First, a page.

TORONTO — It was a heck of a season, but it appears that's all the Toronto Raptors are going to get from Kawhi Leonard.
Less than a month after leading the Raptors to their first NBA title, the superstar free agent is reportedly leaving Toronto for the Los Angeles Clippers.
A person familiar with the negotiations says the Clippers will be landing Leonard as a free agent after they acquire Paul George from the Oklahoma City Thunder in a massive trade for players and draft picks.
George will be traded for at least four first-round picks, according to the person who spoke to The Associated Press on condition of anonymity early Saturday because none of the moves have been finalized. And Leonard made his decision to sign with the Clippers after the team swung the deal to land George, the person said.
ESPN, which first reported the trade, also said the Thunder were getting Shai Gilgeous-Alexander and Danilo Gallinari from the Clippers.
Leonard going to the Clippers means that for the first time, a reigning NBA Finals MVP will be changing teams before the next season. Leonard was also pursued by the Los Angeles Lakers and, of course, the Raptors.
The most the Clippers can offer Leonard is $142 million over four years, which is the deal he is expected to sign. Players can sign with new teams as early as noon Eastern on Saturday.
Leonard was arguably the most coveted prize in this year's free agency, and met with several teams including the Raptors, Lakers and Clippers in his hometown of Los Angeles.
The Lakers didn't wait long before starting to move on from their quest for Leonard. Danny Green announced that he is signing a two-year deal with the Lakers, meaning he, too, is leaving Toronto.
"Kawhi has made his decision. Seems like the announcement is out," Green said in a video he posted to his social media accounts. "It's time for me to make my announcement ... I will be teaming up with new teammates in LA, the Los Angeles Lakers."
Green said he enjoyed Toronto and that it was unfortunate how free agency turned out for that city, the Raptors and for Canada.
The news ends months of speculation and angst for Raptors fans.
Leonard's departure was considered by many to be a foregone conclusion a year ago when Raptors president Masai Ujiri acquired him from the San Antonio Spurs in an off-season blockbuster that sent beloved franchise icon DeMar DeRozan to Texas.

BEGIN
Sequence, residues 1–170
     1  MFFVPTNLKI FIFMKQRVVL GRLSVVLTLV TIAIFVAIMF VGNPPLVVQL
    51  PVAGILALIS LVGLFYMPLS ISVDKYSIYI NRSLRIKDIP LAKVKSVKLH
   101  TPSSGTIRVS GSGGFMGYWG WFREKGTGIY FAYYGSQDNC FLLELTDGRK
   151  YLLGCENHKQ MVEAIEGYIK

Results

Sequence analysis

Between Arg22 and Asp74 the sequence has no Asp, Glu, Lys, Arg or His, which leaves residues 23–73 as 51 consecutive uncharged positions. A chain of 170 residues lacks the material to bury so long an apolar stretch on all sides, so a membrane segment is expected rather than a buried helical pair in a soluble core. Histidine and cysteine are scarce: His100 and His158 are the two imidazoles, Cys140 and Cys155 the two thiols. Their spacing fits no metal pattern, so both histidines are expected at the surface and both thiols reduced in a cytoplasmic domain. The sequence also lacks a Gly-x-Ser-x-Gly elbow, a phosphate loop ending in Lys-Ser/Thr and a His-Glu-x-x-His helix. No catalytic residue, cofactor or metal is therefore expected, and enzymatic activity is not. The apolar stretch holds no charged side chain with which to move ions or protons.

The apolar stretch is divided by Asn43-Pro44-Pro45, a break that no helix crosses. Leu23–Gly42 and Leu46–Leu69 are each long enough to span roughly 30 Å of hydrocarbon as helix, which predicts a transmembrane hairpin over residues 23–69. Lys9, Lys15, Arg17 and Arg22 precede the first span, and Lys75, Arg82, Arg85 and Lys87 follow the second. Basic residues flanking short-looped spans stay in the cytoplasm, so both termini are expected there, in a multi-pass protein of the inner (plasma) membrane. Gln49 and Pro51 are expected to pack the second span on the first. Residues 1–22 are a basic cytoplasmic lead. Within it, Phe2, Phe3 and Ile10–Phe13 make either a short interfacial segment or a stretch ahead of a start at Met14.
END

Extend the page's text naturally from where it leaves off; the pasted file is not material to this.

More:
Leonard had a year left on his contract plus a player option — which he was certainly going to decline — when he moved to Toronto, and many believed he'd put in a season in Canada before bolting for his hometown of Los Angeles.
The Raptors certainly made Leonard's decision a tough one. After Leonard missed all but nine games last season with San Antonio with a serious quadriceps injury, he said health was his biggest concern heading into this past campaign.
Toronto responded by treating the superstar, who turned 28 on Saturday, with kid gloves. They made "load management" part of their lexicon, holding him out of back-to-back games for health maintenance.
Load management paid off in the playoffs. Leonard had one of the best performances in NBA post-season history in leading the Raptors to their first Larry O'Brien Trophy. He was excellent on both sides of the ball as they dispatched Orlando, Philadelphia, Milwaukee and finally the two-time defending champion Golden State Warriors. He was rewarded with his second career Finals MVP award.
There were iconic moments along the way, including his series-winning final shot in Game 7 against the 76ers that bounced on the rim four times before falling, sending the Scotiabank Arena crowd into a frenzy.
Leonard's status as a sports icon in Toronto and across Canada perhaps closed the gap between the Raptors and other suitors.
But ultimately, what Toronto had to offer wasn't enough.
Leonard averaged 26.6 points on 49.6 per cent shooting, 7.3 rebounds, 3.3 assists and 1.8 steals over 60 regular-season games with the Raptors in 2018-19. He took his game to an elite level in the playoffs, averaging 30.5 points, 9.1 rebounds, 3.9 assists and 1.7 steals over 24 games.
It's a massive blow to Toronto's chances of back-to-back titles, and obviously puts a damper on the Lakers'
—With files from The Associated Press
The Canadian Press